viewing for up to 20 people for USD5000. USD2700 for 1/2 night.
You could buy a fair bit of your own kit for that. Not good value when you look at it that way, unless 'being there' is important for you. I have the same view on Antarctic cruises. People pay a lot of money and all they really achieve is to make the pollution situation worse. That's just selfish IMO. At least the pollution involved in visiting a telescope is no worse than going anywhere else. But I could even argue against that - except that some people who live in 'unpleasant' places deserve a break now and then.
 
  • Like
Likes collinsmark
  • #8
russ_watters
Mentor
19,660
5,932
I don't think a random bit-O-clickbait is a very good source....
Really? I always go to random sources first before checking the actual website of the place I'm thinking of visiting...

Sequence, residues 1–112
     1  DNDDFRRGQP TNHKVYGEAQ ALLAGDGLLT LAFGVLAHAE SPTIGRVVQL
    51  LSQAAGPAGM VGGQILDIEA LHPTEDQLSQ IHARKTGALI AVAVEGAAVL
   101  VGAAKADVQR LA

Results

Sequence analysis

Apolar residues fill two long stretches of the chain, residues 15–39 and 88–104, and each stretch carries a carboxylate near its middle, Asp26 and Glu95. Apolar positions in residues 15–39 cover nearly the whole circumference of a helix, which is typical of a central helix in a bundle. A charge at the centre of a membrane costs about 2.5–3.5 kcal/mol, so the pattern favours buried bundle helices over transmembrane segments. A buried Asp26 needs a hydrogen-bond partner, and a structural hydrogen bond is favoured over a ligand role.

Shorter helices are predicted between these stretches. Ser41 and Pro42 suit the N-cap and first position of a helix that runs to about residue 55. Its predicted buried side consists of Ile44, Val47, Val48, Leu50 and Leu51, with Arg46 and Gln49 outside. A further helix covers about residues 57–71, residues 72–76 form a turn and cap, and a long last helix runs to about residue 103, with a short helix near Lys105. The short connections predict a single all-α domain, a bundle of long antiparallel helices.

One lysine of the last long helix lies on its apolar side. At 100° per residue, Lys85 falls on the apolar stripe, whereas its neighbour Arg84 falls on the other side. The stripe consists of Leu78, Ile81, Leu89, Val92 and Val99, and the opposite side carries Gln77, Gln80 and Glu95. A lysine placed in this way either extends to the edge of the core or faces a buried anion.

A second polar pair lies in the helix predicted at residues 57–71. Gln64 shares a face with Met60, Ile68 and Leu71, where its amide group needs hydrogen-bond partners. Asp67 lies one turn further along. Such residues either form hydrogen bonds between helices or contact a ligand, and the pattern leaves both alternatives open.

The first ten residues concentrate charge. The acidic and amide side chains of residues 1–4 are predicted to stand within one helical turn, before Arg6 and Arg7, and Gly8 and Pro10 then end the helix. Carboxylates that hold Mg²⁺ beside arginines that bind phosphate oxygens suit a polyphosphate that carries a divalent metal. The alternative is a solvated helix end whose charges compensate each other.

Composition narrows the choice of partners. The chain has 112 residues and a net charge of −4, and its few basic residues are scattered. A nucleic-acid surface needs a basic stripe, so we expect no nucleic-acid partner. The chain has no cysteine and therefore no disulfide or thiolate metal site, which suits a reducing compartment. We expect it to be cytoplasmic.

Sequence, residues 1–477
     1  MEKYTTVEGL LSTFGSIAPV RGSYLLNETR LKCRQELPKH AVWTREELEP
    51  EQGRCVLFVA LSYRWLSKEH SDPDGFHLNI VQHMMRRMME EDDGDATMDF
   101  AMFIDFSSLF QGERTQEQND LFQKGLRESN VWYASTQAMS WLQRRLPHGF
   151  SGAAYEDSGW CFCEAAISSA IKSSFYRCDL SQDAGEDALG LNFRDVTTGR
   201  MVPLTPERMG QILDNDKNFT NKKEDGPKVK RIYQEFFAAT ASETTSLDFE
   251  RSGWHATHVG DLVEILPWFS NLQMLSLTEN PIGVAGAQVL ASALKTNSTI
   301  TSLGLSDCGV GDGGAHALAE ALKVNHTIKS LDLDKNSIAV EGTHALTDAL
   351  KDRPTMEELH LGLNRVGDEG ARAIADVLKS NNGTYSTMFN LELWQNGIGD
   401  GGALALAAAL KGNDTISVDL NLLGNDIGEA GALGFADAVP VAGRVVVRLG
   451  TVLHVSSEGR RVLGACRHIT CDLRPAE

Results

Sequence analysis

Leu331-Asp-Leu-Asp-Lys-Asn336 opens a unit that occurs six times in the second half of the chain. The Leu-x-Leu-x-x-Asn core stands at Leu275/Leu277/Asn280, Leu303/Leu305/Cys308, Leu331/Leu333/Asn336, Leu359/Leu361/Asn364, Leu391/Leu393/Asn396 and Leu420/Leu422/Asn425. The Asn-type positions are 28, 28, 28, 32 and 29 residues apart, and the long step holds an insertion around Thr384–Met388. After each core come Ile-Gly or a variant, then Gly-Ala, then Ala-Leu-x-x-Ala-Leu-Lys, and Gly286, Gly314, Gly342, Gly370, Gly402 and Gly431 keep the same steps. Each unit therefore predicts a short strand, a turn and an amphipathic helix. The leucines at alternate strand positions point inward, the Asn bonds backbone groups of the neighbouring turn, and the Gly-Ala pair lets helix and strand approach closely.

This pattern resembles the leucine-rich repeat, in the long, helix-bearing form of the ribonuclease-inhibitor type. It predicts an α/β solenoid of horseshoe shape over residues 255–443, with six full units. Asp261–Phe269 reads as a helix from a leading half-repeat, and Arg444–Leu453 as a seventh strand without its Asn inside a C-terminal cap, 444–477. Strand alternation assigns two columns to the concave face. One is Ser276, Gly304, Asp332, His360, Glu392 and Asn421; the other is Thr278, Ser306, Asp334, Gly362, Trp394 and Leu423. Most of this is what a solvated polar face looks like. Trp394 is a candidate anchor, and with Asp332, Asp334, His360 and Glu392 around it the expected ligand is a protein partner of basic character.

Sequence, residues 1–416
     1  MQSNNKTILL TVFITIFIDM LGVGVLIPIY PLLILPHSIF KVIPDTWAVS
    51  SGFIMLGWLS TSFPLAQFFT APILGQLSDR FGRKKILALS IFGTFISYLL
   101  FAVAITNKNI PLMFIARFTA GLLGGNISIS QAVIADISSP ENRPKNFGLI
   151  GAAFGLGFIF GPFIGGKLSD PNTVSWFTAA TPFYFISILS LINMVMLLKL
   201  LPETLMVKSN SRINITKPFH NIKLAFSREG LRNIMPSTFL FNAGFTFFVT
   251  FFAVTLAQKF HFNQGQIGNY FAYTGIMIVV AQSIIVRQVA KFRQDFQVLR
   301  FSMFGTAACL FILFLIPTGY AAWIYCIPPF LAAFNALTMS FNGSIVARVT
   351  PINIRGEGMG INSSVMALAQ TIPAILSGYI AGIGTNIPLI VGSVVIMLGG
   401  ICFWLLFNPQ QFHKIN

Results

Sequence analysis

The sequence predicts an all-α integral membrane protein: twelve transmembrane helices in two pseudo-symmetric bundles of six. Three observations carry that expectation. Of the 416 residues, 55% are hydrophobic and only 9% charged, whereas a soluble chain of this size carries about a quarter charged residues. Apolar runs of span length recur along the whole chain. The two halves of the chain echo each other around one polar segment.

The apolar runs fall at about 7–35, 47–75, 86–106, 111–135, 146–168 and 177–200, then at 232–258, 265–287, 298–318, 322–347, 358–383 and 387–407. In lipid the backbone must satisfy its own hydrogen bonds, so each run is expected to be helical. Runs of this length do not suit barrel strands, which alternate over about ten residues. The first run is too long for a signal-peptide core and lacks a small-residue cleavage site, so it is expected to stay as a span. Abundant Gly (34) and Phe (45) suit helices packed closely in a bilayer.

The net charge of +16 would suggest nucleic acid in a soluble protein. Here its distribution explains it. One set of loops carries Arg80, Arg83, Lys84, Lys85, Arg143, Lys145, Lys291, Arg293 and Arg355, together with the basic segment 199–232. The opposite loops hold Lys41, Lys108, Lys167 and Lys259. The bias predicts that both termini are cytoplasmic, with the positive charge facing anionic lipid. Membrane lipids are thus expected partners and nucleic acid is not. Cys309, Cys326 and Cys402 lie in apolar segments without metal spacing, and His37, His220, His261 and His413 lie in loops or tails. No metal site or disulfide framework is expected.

• #9
russ_watters
Mentor
19,660
5,932
Anecdote: The Griffith observatory has a decent sized, pretty old refractor as one of its main instruments. Old enough it isn't used for research anymore. When I toured it, they had the control room mocked-up, with a TV screen showing a live view of the moon. Cool....but then I noticed the same C-11 I have in my backyard strapped to it, with a camera attached. That was disappointing.

Also, they had a Meade 10" SCT on a fork mount set up in the parking lot for anyone to look through.
 
  • Like
Likes collinsmark
  • #10
Vanadium 50
Staff Emeritus
Science Advisor
Education Advisor
2019 Award
24,536
7,418
offers a night of viewing for up to 20 people for USD5000.
Yipes! They take "Hooker" pretty seriously!
 
  • #11
Vanadium 50
Staff Emeritus
Science Advisor
Education Advisor
2019 Award
24,536
7,418
A cloudy night or two could potentially doom a PhD candidate's life goals [Edit: or at least delay them].